There may come a day that you’ll have to deal with a client who either do not pay or pay late. There may be valid reasons why a client does it but when it becomes habitual or its way past due, then it becomes a problem. They are what we call non-paying clients.

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Before discussing how to deal with it, let’s find out the top reasons why a client does it first. “Y U don’t pay?”

Holding The Payment As Hostage

This usually happens when a client has something that needs to be worked on and will use it as a reason for not paying. They will ask you to address the issue and once fixed, only then they will pay.

Too Busy or Understaff

This recently just happened to us. We have sent an invoice months back and assumed that they were just collecting funds to pay us. When it reached our allotted days for them to pay us, our accounts called them only to find out that they thought it was already paid.

Some clients do not pay not because they cannot but they just are too busy or the person who’s supposed to take care of payments is busy. A client who is understaff can lead to this. An understaff client is usually disorganized and misplacing a document and overlooking an email which can be your email about a payment are most likely to happen.

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No Funds

They just don’t have the money. Their own clients may not be paying them as well so it leads to you not being paid.

Long Completion or Unsatisfied

Some clients do not pay on purpose. This is their way of getting back from not being satisfied with the job or for taking too long to complete a project.

Don’t Want to Pay (duh) 

Unfortunately, there are clients like this. They constantly give a number of excuses in hopes that you grow tired of asking for the payment.

So now that we have an idea why a client does not want to pay, how do we deal with it?

Like dealing with any problem, you must assume from the beginning of the deal that it may happen. Start structuring your relationship, lay the ground work and start building rapport with your clients so dealing with whatever comes will become a lot easier.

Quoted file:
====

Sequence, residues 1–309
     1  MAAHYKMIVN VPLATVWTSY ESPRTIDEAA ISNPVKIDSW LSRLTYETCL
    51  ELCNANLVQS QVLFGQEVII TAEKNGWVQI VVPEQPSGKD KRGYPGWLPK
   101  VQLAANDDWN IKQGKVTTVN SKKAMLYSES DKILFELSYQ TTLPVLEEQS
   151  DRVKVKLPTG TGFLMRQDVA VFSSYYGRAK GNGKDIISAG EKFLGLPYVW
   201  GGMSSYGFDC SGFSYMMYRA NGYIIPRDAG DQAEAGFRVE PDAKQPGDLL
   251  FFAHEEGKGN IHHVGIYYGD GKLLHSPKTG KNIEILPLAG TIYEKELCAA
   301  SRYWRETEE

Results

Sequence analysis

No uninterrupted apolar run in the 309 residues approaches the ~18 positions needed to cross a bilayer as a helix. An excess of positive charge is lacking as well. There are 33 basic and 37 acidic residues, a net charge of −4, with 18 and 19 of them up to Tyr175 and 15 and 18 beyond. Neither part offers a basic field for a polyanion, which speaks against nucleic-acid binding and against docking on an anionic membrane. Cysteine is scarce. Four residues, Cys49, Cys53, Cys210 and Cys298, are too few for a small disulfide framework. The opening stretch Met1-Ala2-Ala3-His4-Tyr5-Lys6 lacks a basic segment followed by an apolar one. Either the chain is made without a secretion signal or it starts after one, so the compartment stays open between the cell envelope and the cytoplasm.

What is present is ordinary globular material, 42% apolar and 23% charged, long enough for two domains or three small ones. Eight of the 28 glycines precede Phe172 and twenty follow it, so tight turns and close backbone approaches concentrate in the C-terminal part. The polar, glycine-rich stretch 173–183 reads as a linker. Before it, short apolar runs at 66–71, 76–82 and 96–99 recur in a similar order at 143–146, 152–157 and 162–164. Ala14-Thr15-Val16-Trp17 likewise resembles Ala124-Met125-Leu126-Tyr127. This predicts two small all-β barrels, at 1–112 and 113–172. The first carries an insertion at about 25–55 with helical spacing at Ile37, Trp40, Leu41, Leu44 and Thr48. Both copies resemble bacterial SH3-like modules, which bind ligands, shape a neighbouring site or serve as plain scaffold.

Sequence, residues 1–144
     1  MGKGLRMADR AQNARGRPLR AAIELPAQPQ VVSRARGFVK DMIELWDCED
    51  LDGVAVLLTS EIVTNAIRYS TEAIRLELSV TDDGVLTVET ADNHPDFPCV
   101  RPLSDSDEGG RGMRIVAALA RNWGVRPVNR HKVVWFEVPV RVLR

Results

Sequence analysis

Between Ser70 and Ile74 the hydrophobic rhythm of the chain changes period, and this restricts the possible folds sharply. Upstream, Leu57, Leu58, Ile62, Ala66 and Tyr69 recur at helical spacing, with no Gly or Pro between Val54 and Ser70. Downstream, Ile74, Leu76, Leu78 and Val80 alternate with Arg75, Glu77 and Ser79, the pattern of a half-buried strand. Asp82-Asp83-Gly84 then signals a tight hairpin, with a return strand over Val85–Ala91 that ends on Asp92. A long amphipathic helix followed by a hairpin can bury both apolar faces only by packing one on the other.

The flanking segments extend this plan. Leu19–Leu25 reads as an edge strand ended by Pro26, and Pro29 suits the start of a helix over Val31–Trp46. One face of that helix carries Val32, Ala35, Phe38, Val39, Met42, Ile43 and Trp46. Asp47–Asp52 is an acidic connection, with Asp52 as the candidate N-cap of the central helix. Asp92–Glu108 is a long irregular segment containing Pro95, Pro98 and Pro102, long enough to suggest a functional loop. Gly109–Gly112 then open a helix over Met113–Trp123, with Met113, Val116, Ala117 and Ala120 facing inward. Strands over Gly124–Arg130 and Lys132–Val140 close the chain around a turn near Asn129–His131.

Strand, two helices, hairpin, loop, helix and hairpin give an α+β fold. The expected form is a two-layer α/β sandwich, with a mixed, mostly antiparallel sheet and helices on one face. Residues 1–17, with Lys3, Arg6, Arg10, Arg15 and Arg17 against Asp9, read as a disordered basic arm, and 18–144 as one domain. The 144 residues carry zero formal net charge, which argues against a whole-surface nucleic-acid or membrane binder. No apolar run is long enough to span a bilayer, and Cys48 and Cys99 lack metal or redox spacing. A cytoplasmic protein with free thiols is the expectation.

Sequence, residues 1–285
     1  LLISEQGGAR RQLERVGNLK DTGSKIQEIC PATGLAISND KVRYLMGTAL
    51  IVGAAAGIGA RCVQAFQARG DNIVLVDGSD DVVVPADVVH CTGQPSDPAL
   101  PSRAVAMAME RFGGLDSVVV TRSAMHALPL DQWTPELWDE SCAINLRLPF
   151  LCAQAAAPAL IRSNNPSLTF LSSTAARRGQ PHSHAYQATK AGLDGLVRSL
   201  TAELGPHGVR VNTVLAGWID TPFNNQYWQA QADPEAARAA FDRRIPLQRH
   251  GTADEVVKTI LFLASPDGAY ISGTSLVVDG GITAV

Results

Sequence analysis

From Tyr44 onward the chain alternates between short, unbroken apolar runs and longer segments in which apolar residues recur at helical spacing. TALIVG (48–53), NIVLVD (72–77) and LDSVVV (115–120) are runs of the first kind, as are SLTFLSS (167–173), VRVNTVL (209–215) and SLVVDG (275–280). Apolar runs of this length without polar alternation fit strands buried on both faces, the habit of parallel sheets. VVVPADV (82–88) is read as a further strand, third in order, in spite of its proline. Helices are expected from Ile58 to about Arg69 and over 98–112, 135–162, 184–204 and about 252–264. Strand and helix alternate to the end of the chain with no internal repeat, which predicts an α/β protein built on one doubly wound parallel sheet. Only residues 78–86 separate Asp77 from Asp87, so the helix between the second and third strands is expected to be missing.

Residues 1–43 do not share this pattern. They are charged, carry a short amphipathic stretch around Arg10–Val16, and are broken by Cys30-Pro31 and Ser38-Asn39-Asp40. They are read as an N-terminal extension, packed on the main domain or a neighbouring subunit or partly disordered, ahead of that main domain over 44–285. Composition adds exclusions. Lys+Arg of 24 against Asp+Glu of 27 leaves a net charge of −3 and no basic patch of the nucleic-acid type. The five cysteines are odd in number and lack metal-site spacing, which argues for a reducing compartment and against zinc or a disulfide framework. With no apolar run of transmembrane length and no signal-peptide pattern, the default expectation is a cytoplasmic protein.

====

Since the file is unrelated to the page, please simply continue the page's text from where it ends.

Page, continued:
Do Your Research

If you have little to no idea about the client you’re about to deal with, research about them. Google them. Ask around and find out more information about the client.

Look up their website and check if they have listed there their partners or suppliers. Give them a call or shoot them an email.

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Prepare a Contract

Regardless of who the client is, be it a friend, a celebrity or a respected business leader, a written contract must always be in place.
A contract should have the following:
Payment schedule
Terms of payment
Scope of work (be very specific)
Target Project delivery date
Late payment policy
A contract binds a client legally and protects you as well. This saves you a lot of trouble later on come payment time.

Subject Matter Expert

If your budget permits and the situation becomes regular, consider hiring a debt collector. An experienced debt collector whose only job would be to contact clients in any way possible to collect the payments.

How would you know if someone good at debt collecting? During an interview, do a role play and let them collect money owed from you. Throw the most unreasonable excuses for not paying. If he or she has rebuttals and does not sway from the point of collecting money, you’ve found gold.

Put Up an Installment Term

Best if you can get a deposit at the start of the project. If you cannot get a deposit, ask them to pay installment. Set the project in stages upon development. Before moving to another stage, let it be clear that a payment from the last stage must be paid before proceeding.

Evaluate its Worth

If the unpaid amount is not that much and your business can continue without it, you might want to consider chasing the client. The amount of energy, time, cost and effort may not be worth it. You could end up spending more than what the client could have paid.

Involve Third Party

Contact a debt collection company and let them handle the situation for you. Look for a reputable one. You would not want to hire a company calling on your behalf and being rude to clients. It may damage your reputation and may become difficult for you to sign future clients.

Take Things Legal

If all else fails then it may be time take things legally. Do this your client clearly does not show any intention to pay. You can start with meeting with an attorney and ask for advice how to take things further in a legal way.

judge's-gavel

Conclusion is that prepare from the start and understand whether it’s worth signing up with the client or not. Always have a clear set of rules and standards. If something about the client makes your radar go from east to west and vice versa, trust your guts and don’t sign with them.

The tips above will let you avoid the sour situation and will let you know how to deal with it should it happen.

We’d like to hear from you. Email us or comment below with your non-paying clients.

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